Gold will probably extend gains this half as Britain’s vote to quit the European Union adds to the case for the Federal Reserve pausing on interest rates, according to Ivan Szpakowski, who left Citigroup Inc. earlier this year to set up a hedge fund that started trading in May.
“It’s going to end the year even higher,” Szpakowski, chief investment officer at Academia Capital LLC, said in a phone interview. While the fund will have an emphasis on commodities including energy, metals and bulks, it’ll also trade currencies, rates and equities, he said, declining to give a figure for assets.
Gold surged in the first half as the U.S. central bank failed to add to last December’s hike, counterparts in Europe and Japan pushed negative interest rates and the U.K.’s Brexit decision spawned a wave a risk aversion. Traders have pushed back bets on Fed’s rate outlook amid concern that the crisis in Britain will burden an already sluggish global economy while investors have poured funds into gold-backed exchange-traded products.
“One of the biggest impacts of Brexit is on the outlook for U.S. interest rates,” said Szpakowski, formerly Asia head of commodity research at Citigroup, based in Hong Kong. “The chances of an interest-rate hike in the coming months have decreased tremendously,” he said from North Carolina.
Bullion for immediate delivery traded 1 percent higher at $1,334.45 an ounce at 4:13 a.m. in New York after surging to $1,358.54 last week as the outcome of the U.K. vote became clear, according to Bloomberg generic pricing. The metal has advanced 26 percent in 2016 after three years of losses.
While at Citigroup, Szpakowski said on Jan. 22 that oil would prove to be the “trade of the year” as the market would turn. That day, Brent rallied 10 percent to about $32 a barrel and it’s gone on to top $50. Last year, he repeatedly forecast weaker iron ore prices as the commodity lost 39 percent.
Szpakowski’s seeking to raise capital, initially in the U.S. then Asia and Europe, at a tough time for funds. Daniel Loeb, founder of hedge fund Third Point LLC, said earlier this year that industry performance was “catastrophic” and that funds were in the early stages of a washout. Fees have also come under fire, including from billionaire Warren Buffett.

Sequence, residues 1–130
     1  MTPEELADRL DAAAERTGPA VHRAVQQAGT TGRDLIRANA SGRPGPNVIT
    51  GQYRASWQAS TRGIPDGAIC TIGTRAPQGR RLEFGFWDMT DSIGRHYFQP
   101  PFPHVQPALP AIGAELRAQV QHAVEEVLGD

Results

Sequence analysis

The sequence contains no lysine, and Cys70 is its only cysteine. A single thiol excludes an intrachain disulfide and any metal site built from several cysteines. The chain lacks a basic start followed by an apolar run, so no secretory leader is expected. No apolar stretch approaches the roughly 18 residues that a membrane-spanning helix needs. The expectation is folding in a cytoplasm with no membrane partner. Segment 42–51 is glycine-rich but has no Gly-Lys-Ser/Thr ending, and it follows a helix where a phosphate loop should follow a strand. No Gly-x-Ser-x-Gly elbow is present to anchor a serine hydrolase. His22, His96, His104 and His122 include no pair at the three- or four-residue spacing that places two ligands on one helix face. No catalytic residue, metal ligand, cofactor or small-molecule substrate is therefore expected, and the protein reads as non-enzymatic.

Academia will seek to capitalize on instances where prices have become dislodged from fundamentals, according to Szpakowski. There’ll be an emphasis on commodities as well as on emerging markets, especially China, and what that means for various asset classes, he said.
“Rather than making a lot of day trades or a lot of short-term, small trades, it’s more focused on targeting the real, larger opportunities,” he said. “It’s not algorithmic, it’s discretionary. It’s more focused on large market dislocations instead rather than tactical trading.”
A wave of banks have also zeroed in on potential opportunities in bullion and raised price forecasts, citing Brexit as well as the likely trajectory for U.S. rates. Among those upping targets are Goldman Sachs Group Inc., Singapore’s Oversea-Chinese Banking Corp. and Societe Generale SA.
The Brexit vote has triggered fears over political, financial and economic turbulence, not just in the U.K. but across the continent, with potential spillovers for the global economy, according to SocGen’s Robin Bhar. The Fed won’t hike at all in 2016, Bhar said in a note on Thursday.
Central banks may be getting ready to ease. Fed Bank of Dallas President Robert Kaplan said on Thursday Britain’s vote to exit the European Union could slow growth. Bank of England Governor Mark Carney said the will probably have to loosen policy within months to deal with the fallout of the vote.
“People are realizing that Brexit is going to be a longer, drawn-out process,” Szpakowski said. “That’s still positive for gold. I’d say that’s the commodity that should end the year stronger.”
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